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Now showing 1 - 10 of 44
  • Publication
    The Physical and Mental Health Effects of Community Violence Exposure in Pre-Adolescent and Adolescent Youth
    (2013-07-14) Fairbrook, Sarah W
    The purpose of this inquiry is to determine the impact of community violence exposure (CVE) on the physical and mental health of children and adolescents. Twelve research studies exploring this topic were found by conducting a search in Pubmed and the Cumulative Index of Nursing and the Allied Health Literature (CINAHL). The articles used in this inquiry were limited to those published in the United States after 2003. All studies directly assessed CVE and explored its association with psychological or physical symptoms. An increased risk of PTSD and internalizing symptoms were associated with CVE. Children with CVE were at a higher risk for somatic complaints. In addition, CVE was associated with higher morbidity in children with asthma. The literature was entirely self-report with both cross-sectional and longitudinal studies. These results indicate the need for further research to better understand CVE and health associations.
  • Publication
    The Implications of Change on Advance Practice Psychiatric-Mental Health Nursing
    (2013-07-14) Schmidt, Scott C
    Discussions regarding the certification of the psychiatric-mental health (PMH) clinical nurse specialist (CNS) resulted in its elimination by the American Nurses Credentialing Center (ANCC), effective 2014. The sole remaining advanced practice registered nurse (APRN) certification for providing psychiatric and mental health care will be the Family Psychiatric Nurse Practitioner (NP). Disagreement still lingers with the changes in certification, including fears that the role of the PMH-CNS, which include care for the child and adolescent patient population and psychotherapy, will no longer exist. Additional concerns include the loss of duties traditionally performed by PMH-CNS to other behavioral health disciplines. In contrast to these fears are the hopes that a single title will reduce confusion among consumers and professionals, allow for an improvement in the allocation of resources for roles with similar core functions, and better address the current needs of individuals seeking mental health care. This paper describes the implications of such a transition and how even with a change in title, the role of the CNS can and should survive.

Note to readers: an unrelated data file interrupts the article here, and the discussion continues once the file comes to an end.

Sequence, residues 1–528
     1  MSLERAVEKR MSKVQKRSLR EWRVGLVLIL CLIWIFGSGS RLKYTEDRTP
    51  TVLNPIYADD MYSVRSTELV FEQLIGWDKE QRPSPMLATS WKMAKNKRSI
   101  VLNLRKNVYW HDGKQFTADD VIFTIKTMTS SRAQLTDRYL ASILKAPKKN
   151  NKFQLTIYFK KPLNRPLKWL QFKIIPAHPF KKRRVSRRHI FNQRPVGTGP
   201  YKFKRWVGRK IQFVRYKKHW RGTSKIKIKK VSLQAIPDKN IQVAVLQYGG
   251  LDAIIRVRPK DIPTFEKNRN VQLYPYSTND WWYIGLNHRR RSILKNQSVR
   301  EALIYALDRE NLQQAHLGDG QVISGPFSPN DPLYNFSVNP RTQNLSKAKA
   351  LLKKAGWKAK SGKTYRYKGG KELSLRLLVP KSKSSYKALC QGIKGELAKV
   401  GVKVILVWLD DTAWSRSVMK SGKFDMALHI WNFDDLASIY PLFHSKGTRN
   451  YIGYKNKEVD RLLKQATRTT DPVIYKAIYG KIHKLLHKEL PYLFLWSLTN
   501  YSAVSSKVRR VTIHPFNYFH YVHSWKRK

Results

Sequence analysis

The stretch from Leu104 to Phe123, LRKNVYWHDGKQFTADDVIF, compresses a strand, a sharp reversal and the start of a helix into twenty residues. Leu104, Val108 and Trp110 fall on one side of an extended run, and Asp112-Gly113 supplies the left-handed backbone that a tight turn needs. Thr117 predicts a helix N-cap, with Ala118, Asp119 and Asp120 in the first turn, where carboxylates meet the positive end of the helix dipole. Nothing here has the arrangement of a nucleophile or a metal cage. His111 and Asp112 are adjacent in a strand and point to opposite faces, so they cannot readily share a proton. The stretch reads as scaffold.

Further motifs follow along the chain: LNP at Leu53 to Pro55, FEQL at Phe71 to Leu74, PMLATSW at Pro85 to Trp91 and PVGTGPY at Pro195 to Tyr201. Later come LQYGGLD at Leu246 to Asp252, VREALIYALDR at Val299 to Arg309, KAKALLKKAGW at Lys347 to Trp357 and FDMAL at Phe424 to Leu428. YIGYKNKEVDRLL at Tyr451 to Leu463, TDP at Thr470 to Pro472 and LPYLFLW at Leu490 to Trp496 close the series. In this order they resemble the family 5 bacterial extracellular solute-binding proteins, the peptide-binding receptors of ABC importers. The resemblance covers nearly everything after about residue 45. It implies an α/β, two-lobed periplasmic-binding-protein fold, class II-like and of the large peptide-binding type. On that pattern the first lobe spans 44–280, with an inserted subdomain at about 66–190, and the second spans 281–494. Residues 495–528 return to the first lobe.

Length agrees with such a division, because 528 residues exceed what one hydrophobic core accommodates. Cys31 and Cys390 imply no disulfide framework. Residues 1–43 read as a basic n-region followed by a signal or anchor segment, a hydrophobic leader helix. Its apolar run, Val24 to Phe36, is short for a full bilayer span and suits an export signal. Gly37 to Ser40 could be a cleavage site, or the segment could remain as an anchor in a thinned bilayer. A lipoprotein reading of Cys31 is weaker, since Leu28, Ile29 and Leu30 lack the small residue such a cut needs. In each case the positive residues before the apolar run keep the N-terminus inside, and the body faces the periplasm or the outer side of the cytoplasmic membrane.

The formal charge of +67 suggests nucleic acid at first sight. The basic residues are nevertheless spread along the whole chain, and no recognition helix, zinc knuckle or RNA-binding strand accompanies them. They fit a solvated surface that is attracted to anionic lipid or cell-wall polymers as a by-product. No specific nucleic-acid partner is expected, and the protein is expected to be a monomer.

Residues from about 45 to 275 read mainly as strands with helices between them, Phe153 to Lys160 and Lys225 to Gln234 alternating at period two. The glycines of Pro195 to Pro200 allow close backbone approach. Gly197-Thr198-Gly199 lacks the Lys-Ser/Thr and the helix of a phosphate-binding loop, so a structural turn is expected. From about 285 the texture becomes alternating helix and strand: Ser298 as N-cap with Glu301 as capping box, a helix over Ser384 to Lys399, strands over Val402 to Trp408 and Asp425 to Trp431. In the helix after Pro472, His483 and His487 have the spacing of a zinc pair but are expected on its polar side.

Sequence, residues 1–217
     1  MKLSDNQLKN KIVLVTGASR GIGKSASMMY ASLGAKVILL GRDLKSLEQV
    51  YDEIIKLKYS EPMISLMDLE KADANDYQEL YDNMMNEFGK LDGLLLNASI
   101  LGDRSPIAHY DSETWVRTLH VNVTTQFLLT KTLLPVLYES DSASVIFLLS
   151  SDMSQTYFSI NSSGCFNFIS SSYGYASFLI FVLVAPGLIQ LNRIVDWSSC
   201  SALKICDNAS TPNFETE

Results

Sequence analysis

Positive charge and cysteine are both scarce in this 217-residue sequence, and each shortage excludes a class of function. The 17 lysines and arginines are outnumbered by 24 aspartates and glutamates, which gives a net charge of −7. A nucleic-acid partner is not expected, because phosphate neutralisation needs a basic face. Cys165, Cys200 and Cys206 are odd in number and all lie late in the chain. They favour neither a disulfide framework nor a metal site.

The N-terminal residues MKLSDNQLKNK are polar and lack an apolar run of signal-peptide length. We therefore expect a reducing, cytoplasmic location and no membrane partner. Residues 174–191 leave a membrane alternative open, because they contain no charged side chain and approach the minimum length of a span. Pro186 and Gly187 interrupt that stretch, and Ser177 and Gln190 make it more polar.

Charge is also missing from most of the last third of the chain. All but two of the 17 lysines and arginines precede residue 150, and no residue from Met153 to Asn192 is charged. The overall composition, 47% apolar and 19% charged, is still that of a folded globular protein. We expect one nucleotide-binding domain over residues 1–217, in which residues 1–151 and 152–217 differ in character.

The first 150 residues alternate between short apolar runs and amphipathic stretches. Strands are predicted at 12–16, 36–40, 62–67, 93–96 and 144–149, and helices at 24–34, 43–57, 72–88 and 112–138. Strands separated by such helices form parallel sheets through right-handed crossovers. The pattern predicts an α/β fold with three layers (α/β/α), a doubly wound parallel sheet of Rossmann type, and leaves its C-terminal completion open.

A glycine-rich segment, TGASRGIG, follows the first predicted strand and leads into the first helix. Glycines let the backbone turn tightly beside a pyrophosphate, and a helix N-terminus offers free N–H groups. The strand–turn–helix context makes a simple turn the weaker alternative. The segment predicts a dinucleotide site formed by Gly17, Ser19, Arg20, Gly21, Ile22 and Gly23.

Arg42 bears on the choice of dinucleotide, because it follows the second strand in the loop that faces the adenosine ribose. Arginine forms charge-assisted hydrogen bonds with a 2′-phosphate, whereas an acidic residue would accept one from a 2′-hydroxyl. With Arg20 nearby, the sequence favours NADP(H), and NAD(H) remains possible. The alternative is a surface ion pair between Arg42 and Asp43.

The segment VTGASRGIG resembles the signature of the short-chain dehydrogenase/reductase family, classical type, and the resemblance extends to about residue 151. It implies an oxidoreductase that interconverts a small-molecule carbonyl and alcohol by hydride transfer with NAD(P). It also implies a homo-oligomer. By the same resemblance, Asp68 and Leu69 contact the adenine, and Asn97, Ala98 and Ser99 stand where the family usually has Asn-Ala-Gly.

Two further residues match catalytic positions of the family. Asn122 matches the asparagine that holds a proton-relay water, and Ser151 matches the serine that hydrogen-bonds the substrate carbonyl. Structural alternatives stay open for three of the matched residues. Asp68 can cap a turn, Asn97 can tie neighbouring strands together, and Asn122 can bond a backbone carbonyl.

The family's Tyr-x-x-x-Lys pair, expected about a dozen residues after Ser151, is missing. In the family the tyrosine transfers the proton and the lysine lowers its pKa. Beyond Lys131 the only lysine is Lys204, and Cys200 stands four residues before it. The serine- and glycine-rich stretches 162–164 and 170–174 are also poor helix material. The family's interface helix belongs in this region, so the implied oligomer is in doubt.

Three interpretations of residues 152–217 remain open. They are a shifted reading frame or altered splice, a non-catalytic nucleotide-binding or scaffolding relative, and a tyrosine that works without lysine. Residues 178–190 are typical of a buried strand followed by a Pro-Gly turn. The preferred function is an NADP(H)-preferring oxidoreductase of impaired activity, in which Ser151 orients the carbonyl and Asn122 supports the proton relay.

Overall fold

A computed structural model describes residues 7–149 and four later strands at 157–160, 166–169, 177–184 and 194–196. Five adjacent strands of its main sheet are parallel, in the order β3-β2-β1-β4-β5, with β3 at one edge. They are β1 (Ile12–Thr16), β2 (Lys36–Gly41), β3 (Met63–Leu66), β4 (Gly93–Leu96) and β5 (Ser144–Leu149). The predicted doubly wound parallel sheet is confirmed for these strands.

• Publication
    Prenatal Care for Women with Serious Mental Illness
    (2013-07-14) DeCesaris, Marissa
    The lifetime prevalence of serious mental illness (SMI) for women in the United States is nearly 6% (NIMH, 2012). Women in this group often have lifestyle and socioeconomic characteristics that lead to poor health status and delays in seeking heath care. While women with SMI are just as likely to have children as their non-mentally ill counterparts, they are more likely to experience pregnancy complications and negative birth outcomes. Prenatal care must take into consideration the unique needs of these women and the challenges they face. Recommendations for improving practice include increasing pregnancy screening, using multidisciplinary teams to provide holistic care, and involving the patient in shared decision-making. This care should be continuous throughout the woman’s childbearing years. Further research is needed to test the effectiveness of models of prenatal care tailored to women with SMI.